Practising Place: A Critical Approach to Localism

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John Stanley Rule


This paper draws on empirical data from my doctoral research on the changing nature of inner city community development work. The professional identity of the community worker emerged in the 1970s and is linked to other emergent identities - the resident activist, social activist and community activist. Inner city community development work is in a state of flux and requires new investigative and analytical tools to help make sense of both its past, present and future. There are now more agencies and actors who would claim to be involved in community development and community building in inner city environments. Whilst it is clear that governing patterns have considerably challenged the role and the potential of what were once considered radical or alternative community development approaches, I argue that it is still possible to identify areas for productive engagement and development through what I have called practising place.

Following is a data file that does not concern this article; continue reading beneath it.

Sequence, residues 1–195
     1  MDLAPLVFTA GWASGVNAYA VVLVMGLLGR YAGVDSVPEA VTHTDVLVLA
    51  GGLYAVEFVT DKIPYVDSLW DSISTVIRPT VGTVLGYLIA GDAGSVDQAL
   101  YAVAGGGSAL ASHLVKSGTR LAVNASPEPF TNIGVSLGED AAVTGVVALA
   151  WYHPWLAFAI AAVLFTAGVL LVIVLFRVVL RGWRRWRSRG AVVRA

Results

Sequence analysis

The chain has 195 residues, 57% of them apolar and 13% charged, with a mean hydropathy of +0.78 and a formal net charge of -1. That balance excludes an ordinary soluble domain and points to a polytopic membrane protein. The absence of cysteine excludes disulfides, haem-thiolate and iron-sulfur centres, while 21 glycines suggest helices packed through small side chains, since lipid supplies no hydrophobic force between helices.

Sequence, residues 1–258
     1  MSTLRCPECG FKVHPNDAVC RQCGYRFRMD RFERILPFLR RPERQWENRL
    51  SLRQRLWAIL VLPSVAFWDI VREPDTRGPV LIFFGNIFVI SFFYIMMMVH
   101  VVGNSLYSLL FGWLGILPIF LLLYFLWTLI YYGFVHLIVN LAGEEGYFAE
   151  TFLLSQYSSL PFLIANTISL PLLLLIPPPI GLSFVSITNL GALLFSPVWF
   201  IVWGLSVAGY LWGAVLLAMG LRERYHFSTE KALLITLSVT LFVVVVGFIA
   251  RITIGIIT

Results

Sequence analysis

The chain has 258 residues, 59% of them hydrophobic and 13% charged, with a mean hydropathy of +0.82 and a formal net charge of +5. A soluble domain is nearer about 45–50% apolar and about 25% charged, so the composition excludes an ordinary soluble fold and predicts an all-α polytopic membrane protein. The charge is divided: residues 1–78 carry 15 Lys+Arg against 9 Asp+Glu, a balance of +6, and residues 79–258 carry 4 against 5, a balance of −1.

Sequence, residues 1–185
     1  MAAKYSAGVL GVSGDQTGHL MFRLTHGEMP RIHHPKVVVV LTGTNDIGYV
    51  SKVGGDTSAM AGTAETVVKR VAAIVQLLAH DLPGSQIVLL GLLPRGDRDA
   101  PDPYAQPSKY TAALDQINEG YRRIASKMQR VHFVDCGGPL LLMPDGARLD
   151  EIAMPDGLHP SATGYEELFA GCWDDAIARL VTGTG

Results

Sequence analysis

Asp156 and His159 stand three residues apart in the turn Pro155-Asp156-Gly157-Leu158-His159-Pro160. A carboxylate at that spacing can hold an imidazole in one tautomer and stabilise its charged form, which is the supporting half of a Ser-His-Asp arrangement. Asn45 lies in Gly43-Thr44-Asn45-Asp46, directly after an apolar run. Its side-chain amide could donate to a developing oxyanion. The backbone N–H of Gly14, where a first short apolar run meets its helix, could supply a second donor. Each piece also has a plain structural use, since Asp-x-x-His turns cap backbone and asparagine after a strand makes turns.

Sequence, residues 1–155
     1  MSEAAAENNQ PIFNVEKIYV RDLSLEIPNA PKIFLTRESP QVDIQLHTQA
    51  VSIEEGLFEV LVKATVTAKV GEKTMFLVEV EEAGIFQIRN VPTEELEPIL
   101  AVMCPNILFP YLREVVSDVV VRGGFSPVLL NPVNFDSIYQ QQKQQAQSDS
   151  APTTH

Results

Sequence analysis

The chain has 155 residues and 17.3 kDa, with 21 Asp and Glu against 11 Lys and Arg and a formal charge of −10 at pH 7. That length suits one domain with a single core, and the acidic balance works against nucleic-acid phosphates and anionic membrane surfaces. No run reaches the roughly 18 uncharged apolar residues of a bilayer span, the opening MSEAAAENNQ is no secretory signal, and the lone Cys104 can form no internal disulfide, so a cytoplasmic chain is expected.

Article Details

Articles (refereed)
Author Biography

John Stanley Rule, non affiliated.

I completed my PhD through the UTS in 2006. My research was a transdisciplinary study of the changing nature of community work practices. My supervisors were Prof Nicky Solomon and Dr Rick Flowers. I have been a casual and part-time teacher at the UTS (various adult and community education courses) and in TAFE colleges in NSW (community welfare courses).